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In a formal scientific writing, is it better to keep that in a clause where you can omit it?

E.g.

In an objective clause: This implies (that) the sun is the center of the universe.

In a relative clause: The group (that) we took special actions are not influenced.

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    Look at it this way: every optional marker you delete removes a flag that the reader can use to parse your sentence. Markers like that are not data, since they only have structural information; but deleting structural information is an avoidable source of ambiguity, when clarity matters. On the other hand, leaving all the markers in clutters the path the reader must take. A good rule is to vary constructions and not always be using the same kind of clauses, which produces fewer that's. – John Lawler Sep 5 '18 at 15:28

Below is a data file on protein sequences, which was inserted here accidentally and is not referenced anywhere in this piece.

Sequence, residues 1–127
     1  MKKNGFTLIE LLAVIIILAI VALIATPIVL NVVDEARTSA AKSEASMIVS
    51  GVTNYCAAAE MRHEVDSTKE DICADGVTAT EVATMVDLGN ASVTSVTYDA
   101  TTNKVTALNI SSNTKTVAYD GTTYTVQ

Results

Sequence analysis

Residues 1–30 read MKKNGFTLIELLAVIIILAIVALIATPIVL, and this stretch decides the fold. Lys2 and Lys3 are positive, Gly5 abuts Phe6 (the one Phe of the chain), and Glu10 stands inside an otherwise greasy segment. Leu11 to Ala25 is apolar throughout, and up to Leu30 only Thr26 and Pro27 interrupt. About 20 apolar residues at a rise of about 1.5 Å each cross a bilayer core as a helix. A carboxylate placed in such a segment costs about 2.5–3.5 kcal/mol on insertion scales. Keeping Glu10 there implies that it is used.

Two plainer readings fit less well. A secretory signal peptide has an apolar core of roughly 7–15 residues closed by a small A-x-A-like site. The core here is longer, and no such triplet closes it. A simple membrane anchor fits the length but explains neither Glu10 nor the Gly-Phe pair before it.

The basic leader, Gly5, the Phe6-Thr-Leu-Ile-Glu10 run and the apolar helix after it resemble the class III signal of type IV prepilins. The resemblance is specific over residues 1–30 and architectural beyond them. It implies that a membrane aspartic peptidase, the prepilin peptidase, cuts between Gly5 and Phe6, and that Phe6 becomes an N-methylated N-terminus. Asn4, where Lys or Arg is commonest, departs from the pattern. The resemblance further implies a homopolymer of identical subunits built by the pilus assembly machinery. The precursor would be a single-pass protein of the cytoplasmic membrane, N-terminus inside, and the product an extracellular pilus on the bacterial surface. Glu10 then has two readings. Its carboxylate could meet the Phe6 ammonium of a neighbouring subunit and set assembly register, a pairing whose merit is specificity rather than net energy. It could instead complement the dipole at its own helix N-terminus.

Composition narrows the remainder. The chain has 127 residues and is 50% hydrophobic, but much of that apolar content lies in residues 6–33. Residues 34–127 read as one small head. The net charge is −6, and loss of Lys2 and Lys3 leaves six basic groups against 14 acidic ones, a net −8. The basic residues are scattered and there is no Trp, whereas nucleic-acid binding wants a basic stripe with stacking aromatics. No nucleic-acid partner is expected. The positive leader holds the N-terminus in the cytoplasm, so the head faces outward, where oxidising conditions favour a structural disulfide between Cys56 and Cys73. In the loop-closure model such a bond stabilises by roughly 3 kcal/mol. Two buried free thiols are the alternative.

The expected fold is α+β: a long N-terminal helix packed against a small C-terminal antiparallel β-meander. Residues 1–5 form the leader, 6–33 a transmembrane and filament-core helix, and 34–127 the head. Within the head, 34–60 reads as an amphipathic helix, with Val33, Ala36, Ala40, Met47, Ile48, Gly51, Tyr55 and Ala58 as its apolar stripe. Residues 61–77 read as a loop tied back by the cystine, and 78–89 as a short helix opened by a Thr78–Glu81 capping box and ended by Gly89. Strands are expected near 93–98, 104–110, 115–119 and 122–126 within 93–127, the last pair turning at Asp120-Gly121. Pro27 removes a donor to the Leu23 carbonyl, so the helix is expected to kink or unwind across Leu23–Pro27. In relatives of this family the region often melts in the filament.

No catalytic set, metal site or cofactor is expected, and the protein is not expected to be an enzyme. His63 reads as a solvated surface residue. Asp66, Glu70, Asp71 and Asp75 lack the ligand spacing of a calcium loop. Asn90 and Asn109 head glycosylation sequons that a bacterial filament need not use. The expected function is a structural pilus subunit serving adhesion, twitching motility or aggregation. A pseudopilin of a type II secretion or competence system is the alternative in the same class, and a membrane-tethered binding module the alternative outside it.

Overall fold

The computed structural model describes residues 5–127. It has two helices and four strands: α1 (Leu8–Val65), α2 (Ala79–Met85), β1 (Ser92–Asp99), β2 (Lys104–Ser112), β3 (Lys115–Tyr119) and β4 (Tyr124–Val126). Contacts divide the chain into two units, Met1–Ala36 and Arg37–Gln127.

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    This is possibly a duplicate of english.stackexchange.com/questions/455779/…, but it's not clear as you may be asking for advice about that in a specifically scientific context. I'm not sure if that makes a difference, but perhaps it might. – Jason Bassford Sep 5 '18 at 18:09
  • To the extent that you're asking about an accepted style in scientific writing, rather than about the actual grammatical usage, your question might be more appropriate to our sibling site Writing. If you don't get a satisfactory answer here at EL&U, flag your question and ask for it to be migrated. :-) – Chappo Sep 6 '18 at 12:43

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